Author: Roberto Guidotti1, Antea D'Andrea1, Alessio Basti1, Antonino Raffone2, Vittorio Pizzella3,4, Laura Marzetti1,5
1 Department of Neuroscience, Imaging and Clinical Sciences, "Gabriele d'Annunzio" University Chieti- Pescara, Via dei Vestini 33, 66013, Chieti, Italy.
2 Department of Psychology, "La Sapienza" University Rome, 00185, Rome, Italy.
3 Department of Neuroscience, Imaging and Clinical Sciences, "Gabriele d'Annunzio" University Chieti- Pescara, Via dei Vestini 33, 66013, Chieti, Italy. firstname.lastname@example.org.
4 Institute for Advanced Biomedical Technologies, "Gabriele d'Annunzio" University Chieti-Pescara, 66013, Chieti, Italy. email@example.com.
5 Institute for Advanced Biomedical Technologies, "Gabriele d'Annunzio" University Chieti-Pescara, 66013, Chieti, Italy.
Conference/Journal: Brain Topogr
Date published: 2023 Mar 28
Other: Special Notes: doi: 10.1007/s10548-023-00950-3. , Word Count: 227
Neuroimaging studies have provided evidence that extensive meditation practice modifies the functional and structural properties of the human brain, such as large-scale brain region interplay. However, it remains unclear how different meditation styles are involved in the modulation of these large-scale brain networks. Here, using machine learning and fMRI functional connectivity, we investigated how focused attention and open monitoring meditation styles impact large-scale brain networks. Specifically, we trained a classifier to predict the meditation style in two groups of subjects: expert Theravada Buddhist monks and novice meditators. We showed that the classifier was able to discriminate the meditation style only in the expert group. Additionally, by inspecting the trained classifier, we observed that the Anterior Salience and the Default Mode networks were relevant for the classification, in line with their theorized involvement in emotion and self-related regulation in meditation. Interestingly, results also highlighted the role of specific couplings between areas crucial for regulating attention and self-awareness as well as areas related to processing and integrating somatosensory information. Finally, we observed a larger involvement of left inter-hemispheric connections in the classification. In conclusion, our work supports the evidence that extensive meditation practice modulates large-scale brain networks, and that the different meditation styles differentially affect connections that subserve style-specific functions.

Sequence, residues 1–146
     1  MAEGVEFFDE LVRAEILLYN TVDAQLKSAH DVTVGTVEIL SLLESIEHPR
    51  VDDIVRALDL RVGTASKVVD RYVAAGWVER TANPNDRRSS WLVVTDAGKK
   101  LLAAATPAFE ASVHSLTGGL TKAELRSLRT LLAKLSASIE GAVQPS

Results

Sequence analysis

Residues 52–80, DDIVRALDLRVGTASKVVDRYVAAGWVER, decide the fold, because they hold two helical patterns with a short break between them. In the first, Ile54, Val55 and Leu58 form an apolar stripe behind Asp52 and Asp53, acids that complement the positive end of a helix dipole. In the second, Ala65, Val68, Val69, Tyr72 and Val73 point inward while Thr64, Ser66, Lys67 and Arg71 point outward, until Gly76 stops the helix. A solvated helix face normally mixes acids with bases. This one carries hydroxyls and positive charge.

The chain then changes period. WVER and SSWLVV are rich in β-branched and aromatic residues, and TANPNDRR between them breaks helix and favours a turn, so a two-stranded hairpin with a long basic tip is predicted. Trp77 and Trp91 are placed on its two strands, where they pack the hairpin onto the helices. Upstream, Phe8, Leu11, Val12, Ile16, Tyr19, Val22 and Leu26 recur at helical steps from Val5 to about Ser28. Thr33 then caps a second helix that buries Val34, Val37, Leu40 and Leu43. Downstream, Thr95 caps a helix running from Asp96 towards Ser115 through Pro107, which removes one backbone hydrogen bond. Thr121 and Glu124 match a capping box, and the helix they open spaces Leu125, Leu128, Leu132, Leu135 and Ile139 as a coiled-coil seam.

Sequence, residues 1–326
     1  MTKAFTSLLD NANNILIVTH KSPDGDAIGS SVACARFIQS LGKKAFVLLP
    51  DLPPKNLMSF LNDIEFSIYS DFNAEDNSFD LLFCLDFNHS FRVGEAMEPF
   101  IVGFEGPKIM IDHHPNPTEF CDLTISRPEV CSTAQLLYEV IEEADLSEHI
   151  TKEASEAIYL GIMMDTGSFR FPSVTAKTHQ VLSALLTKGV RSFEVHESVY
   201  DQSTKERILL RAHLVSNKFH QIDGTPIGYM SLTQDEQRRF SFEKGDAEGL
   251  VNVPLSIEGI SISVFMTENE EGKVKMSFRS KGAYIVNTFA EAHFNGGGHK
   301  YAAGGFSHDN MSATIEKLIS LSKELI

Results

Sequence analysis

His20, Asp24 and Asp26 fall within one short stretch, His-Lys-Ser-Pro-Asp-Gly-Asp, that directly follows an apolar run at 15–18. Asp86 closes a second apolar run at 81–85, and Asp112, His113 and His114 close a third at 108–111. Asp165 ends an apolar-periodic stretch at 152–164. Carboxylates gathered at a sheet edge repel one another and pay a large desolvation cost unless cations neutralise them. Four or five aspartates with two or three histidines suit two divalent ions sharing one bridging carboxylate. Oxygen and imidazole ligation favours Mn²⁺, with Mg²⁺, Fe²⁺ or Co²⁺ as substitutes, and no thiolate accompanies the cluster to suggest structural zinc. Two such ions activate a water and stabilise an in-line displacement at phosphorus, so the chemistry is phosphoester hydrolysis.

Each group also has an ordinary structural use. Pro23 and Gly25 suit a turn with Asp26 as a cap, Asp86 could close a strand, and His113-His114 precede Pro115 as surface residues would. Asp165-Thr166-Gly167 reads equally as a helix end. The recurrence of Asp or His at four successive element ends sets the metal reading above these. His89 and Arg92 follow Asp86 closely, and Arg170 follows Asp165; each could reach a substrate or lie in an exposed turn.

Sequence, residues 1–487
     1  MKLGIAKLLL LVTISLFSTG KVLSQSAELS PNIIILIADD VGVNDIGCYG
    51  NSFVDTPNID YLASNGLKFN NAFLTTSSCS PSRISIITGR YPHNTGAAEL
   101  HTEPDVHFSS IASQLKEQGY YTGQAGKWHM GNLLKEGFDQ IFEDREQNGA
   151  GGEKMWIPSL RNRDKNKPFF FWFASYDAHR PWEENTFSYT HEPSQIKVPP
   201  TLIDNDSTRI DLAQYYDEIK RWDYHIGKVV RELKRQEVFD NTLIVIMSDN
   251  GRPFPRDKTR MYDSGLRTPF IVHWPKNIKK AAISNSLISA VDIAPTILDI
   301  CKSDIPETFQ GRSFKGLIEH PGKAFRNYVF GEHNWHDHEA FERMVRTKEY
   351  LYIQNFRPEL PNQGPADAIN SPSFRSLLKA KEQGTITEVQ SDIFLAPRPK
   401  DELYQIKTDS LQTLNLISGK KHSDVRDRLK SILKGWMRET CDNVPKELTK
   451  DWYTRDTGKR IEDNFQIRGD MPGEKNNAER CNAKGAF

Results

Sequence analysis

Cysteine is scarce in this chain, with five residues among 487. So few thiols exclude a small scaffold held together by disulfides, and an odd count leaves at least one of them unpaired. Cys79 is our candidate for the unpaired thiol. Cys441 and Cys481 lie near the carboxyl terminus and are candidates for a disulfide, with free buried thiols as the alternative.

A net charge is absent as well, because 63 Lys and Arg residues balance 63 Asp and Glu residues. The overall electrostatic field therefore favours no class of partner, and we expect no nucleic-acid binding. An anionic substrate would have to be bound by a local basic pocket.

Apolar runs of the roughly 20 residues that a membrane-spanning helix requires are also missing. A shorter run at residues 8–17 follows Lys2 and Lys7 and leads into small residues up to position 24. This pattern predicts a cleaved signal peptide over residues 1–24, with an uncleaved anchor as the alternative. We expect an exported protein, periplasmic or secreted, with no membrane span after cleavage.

Keywords: FMRI; Focused attention mediation; Functional connectivity; Machine learning; Mindfulness; Open monitoring meditation.
PMID: 36977909 DOI: 10.1007/s10548-023-00950-3